Available via the TEREvAL platform, the tool notably generates intervention sheets to guide the actions carried out in the field. © SGEvT

Expanding its range of tools: the raison d’être of the SGEvT

After the success of the project carried out in Aude, SGEvT now hopes to offer its solution to many other local authorities. “There are a lot of interests, and subjects to be studied. Not only from local authorities, but also from collection manufacturers, who see new opportunities in it”rejoices Arnaud André.

For a subscription of a few tens of thousands of euros per year – depending in particular on the size of the territory to be covered – the functionalities of detection, rating or definition of means of access are thus already available. via the TEREvAL platform. “And there will of course be material to complete these functions with other ideas”provides the president of the company.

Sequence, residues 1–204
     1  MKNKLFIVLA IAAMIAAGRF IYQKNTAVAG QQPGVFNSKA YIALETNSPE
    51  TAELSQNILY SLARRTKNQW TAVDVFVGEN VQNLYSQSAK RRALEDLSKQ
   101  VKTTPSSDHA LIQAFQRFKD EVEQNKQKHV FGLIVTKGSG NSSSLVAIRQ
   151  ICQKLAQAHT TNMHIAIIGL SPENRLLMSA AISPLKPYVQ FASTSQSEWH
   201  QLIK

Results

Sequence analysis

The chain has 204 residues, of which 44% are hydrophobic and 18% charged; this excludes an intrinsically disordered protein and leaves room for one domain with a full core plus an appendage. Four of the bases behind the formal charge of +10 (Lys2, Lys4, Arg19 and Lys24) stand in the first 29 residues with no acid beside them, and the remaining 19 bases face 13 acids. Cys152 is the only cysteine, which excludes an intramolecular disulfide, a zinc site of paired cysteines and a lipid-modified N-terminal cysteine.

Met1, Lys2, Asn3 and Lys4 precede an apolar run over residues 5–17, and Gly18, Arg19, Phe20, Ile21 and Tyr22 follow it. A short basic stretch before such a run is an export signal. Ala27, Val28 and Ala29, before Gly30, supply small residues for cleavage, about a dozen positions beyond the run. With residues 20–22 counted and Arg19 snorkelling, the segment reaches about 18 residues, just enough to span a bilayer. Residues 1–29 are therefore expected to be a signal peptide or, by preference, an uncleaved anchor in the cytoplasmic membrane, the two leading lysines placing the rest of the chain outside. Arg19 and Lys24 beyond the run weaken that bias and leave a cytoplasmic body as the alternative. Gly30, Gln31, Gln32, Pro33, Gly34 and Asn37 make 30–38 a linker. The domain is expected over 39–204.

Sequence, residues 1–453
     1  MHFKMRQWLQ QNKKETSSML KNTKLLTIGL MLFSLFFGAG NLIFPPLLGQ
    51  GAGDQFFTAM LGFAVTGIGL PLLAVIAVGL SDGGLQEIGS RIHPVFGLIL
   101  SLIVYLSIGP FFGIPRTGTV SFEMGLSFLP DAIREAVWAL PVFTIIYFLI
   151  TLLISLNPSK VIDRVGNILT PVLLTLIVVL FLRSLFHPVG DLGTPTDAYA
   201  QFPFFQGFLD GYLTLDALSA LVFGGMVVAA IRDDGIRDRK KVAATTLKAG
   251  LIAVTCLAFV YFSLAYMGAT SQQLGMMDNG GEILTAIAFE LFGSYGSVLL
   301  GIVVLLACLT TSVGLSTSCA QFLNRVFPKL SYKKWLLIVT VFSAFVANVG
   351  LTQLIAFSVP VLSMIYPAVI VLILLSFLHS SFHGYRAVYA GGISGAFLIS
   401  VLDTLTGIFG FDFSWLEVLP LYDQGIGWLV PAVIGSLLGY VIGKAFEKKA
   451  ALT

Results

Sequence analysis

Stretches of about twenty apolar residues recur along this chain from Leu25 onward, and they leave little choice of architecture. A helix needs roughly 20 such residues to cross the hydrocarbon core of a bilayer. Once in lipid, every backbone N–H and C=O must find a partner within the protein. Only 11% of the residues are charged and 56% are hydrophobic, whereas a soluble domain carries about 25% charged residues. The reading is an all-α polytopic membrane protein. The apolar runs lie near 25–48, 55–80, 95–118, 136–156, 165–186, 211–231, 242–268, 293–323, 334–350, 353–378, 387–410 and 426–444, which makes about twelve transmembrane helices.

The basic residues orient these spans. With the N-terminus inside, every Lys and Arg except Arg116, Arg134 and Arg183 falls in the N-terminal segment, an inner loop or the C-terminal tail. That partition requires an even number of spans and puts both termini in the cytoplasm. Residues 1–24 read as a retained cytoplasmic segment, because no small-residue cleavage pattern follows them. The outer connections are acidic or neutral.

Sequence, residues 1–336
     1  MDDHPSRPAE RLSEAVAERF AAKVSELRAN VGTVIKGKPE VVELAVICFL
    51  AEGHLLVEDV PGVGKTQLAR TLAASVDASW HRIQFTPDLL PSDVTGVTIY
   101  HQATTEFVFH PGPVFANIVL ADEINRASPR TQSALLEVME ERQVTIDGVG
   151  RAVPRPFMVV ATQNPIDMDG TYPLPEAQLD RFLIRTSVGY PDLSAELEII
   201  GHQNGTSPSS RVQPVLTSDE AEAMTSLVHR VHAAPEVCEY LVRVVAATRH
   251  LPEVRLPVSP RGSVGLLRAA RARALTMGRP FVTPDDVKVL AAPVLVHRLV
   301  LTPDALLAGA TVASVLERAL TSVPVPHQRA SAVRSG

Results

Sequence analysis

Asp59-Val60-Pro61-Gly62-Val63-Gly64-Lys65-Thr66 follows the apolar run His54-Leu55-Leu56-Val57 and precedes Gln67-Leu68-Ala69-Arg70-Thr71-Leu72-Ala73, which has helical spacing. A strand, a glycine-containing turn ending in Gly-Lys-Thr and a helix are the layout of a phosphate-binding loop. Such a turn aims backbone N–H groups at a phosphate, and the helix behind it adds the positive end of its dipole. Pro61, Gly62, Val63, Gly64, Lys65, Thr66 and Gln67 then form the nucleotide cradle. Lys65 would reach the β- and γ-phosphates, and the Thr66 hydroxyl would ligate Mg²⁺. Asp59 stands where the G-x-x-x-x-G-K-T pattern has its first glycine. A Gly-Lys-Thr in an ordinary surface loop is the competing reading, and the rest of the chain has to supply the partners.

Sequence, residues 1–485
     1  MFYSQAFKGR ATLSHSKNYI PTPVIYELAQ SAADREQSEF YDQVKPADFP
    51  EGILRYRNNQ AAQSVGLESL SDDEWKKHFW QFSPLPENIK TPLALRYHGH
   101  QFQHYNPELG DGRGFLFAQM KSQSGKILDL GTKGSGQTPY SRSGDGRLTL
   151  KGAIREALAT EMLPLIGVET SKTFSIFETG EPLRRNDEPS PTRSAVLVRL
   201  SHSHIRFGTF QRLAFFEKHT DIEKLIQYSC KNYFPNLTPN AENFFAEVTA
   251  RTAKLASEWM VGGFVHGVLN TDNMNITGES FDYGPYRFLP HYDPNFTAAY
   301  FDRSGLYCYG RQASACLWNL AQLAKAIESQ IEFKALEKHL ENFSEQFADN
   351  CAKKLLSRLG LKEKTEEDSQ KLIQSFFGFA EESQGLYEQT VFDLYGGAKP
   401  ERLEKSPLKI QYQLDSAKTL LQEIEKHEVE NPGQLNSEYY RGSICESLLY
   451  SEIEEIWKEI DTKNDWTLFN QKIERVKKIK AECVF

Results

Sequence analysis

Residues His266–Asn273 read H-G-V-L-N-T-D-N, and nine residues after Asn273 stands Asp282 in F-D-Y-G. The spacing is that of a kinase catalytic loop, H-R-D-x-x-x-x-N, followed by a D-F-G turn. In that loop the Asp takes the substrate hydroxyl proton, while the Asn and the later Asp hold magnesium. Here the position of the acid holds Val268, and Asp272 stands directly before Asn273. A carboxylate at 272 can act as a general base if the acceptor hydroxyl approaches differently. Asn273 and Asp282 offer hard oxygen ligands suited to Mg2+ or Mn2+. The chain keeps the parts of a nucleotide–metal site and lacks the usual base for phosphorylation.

An additional string is thus added to the arc of the “indicathèque” developed by the SGEvT. A platform which should also expand a little more soon, with the addition of other tools, as Arnaud André finally reveals: “We have a whole offer in terms of proximity and we are working, for example, on local health contracts[3]which have become an emergency for many territories”. And the manager concludes: “Providing communities with the widest possible collection of tools is our raison d’être”.


[1] Territorial climate-air-energy plans (PCAET), made mandatory by the Grenelle 2 law for communities with more than 50,000 inhabitants, and now mandatory for all intermunicipalities with more than 20,000 inhabitants (threshold lowered in 2018).

[2] ADEME, ECOGEOS. 2019. Characterization of the problem of litter. Report. 84 pages.

[3] Tools jointly carried by the Regional Health Agencies (ARS) and local authorities to reduce territorial and social inequalities in health.